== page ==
“The year is 1970. In a warm lecture room at Padmavathi College in Tirupati, India, a young college professor stands at the head of the class, giving a lecture on ancient Sanskrit drama. Her students feverishly take notes, digesting every word. They barely notice the unexpected guest in the classroom — a young toddler, about 3 years old, playing with a wooden train at the professor’s feet, oblivious to his surroundings.”
“That toddler was me. The professor, my mother.”
2. “During my early years, I would accompany my mother everywhere — to her college classes and as she fulfilled civic duties as the wife of an Indian Administrative Service officer, tasked with administrating government services to a district with millions of people.”
“It wasn’t until decades later that I could begin to understand the choices my mother had to make that day in the classroom and every other day — between balancing her work and her family, her professional ambitions and her role as wife and mother, and her passions and her routine.
3. “Even now, I know I can understand only to a certain point. Although we shared many things — our sense of humor and mindfulness of practicing things that nourish your soul as much as your intellect — I know that the barriers and challenges she faced as a working mother were far, far greater than mine.”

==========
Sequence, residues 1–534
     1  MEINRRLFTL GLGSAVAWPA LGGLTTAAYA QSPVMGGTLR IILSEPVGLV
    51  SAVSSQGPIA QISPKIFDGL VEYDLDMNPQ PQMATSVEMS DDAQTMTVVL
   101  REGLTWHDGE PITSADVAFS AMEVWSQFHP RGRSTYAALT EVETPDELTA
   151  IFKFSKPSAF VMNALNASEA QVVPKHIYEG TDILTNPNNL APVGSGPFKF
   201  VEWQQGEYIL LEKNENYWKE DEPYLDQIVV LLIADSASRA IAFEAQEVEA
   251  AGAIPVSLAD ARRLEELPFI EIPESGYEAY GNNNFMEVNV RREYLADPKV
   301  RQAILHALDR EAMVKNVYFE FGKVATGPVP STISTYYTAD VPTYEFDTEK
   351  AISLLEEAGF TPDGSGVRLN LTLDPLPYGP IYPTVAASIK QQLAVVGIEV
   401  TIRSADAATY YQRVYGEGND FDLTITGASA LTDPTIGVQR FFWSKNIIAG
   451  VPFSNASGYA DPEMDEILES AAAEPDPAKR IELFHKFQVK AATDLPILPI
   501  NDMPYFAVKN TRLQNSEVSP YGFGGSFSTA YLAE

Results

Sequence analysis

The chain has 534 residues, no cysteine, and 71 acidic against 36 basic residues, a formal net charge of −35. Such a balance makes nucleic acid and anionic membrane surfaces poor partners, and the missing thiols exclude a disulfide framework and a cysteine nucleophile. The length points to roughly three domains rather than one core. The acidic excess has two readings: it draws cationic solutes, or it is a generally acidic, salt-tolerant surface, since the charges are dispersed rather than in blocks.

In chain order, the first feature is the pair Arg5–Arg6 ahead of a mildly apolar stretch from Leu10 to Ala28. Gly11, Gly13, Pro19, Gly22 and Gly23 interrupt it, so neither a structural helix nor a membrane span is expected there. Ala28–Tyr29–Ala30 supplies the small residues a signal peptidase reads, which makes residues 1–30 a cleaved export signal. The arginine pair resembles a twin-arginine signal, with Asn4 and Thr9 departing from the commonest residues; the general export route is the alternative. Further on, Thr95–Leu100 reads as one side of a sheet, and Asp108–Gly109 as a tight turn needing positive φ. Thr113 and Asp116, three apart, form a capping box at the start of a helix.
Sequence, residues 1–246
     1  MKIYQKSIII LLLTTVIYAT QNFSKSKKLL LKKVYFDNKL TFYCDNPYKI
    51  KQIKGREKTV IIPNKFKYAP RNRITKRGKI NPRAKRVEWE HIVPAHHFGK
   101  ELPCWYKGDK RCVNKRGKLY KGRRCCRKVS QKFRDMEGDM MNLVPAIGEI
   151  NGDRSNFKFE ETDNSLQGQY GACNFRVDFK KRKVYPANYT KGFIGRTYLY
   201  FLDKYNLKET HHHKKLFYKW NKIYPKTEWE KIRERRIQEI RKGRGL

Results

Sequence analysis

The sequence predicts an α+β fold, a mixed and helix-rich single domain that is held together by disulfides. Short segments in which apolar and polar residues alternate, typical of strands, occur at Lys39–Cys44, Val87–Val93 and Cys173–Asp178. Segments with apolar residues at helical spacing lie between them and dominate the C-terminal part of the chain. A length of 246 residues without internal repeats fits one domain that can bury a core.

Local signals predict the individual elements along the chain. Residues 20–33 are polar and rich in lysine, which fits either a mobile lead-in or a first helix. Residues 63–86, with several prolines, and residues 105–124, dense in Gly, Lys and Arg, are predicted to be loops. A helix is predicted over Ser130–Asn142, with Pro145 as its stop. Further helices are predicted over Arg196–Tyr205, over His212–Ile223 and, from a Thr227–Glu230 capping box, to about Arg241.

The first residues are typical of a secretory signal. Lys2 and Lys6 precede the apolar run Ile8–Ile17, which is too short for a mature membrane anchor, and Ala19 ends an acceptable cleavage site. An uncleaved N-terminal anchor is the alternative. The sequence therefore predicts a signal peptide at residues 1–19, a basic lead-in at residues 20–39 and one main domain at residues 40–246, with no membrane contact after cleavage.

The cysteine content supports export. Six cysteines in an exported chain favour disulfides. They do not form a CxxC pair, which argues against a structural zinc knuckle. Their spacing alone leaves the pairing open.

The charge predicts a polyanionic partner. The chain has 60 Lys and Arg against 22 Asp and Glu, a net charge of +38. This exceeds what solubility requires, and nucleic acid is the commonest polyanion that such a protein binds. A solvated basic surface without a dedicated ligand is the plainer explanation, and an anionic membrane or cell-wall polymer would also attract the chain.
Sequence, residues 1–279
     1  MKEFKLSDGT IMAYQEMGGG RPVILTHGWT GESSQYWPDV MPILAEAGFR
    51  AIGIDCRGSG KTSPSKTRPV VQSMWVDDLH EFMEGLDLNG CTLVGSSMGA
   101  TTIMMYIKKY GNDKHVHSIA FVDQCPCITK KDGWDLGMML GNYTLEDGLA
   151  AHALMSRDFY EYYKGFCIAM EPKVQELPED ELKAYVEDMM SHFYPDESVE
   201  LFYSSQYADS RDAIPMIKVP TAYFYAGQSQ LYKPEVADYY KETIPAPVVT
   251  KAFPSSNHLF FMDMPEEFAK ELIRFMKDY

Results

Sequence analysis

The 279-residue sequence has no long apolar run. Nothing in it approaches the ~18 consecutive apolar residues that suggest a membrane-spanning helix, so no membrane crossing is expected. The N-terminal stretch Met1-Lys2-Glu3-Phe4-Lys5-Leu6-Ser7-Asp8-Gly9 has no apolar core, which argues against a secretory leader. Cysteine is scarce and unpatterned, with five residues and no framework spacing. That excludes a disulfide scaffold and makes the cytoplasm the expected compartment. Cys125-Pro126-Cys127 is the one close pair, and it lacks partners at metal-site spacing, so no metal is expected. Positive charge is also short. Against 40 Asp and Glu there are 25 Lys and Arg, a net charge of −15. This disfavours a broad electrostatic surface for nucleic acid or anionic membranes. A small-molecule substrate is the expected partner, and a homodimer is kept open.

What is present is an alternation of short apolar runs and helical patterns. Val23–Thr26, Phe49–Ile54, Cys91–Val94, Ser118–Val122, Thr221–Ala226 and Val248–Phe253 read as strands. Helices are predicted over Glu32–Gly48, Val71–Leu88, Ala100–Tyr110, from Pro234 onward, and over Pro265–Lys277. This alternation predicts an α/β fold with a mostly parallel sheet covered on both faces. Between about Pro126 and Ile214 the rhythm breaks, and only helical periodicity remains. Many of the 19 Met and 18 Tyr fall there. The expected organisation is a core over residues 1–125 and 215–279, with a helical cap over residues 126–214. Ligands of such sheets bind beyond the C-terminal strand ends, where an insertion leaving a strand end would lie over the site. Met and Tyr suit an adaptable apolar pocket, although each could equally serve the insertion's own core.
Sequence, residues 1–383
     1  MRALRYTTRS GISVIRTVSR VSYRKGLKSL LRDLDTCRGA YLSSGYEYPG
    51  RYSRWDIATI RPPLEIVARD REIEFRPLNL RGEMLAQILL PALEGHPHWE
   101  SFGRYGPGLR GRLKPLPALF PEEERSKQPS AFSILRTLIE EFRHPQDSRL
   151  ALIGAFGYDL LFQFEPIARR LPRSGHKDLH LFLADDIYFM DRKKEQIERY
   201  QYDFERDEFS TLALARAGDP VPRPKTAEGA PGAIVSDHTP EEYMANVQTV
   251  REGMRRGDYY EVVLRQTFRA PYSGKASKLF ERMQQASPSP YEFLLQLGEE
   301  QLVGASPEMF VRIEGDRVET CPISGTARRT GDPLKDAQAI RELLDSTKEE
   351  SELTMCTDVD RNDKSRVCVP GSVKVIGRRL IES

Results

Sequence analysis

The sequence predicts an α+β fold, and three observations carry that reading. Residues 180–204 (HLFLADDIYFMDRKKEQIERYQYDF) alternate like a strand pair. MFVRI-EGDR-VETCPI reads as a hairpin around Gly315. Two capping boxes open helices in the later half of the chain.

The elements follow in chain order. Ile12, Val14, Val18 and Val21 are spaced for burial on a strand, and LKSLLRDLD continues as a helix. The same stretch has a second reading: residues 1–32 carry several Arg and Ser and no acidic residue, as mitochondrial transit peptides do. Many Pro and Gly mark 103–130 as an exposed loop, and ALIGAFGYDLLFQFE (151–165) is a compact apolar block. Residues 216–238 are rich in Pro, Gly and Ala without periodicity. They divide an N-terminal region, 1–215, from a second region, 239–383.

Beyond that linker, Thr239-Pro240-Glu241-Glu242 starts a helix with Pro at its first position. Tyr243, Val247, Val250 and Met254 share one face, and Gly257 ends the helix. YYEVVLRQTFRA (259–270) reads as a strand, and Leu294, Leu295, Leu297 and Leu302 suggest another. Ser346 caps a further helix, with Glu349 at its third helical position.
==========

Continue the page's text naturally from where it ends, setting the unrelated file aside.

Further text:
This is one reason celebrating International Women’s Day is so important — to recognize and honor the tremendous value women around the world provide every single day, but also to help remove barriers for the next generation.”
4. “In technology and in so many other STEM-focused industries, there is a particularly intense, pressing need to address these barriers. But how do we start? Above all else, we must close the gender gap. Women are sorely under-represented in these fields both in the United States and globally, which is not only a matter of fairness, but of societal and economic harm — in no uncertain terms, we all are negatively impacted when women are not engaged and treated equitably.”
5. ” I’m no longer a child playing at my mother’s feet, but I will always be a man looking up to a woman — my mother, my wife, my daughters, my Microsoft colleagues and so many others — for the lessons in life that define who I am as a father, husband and CEO.” [“Source-gizmodo”]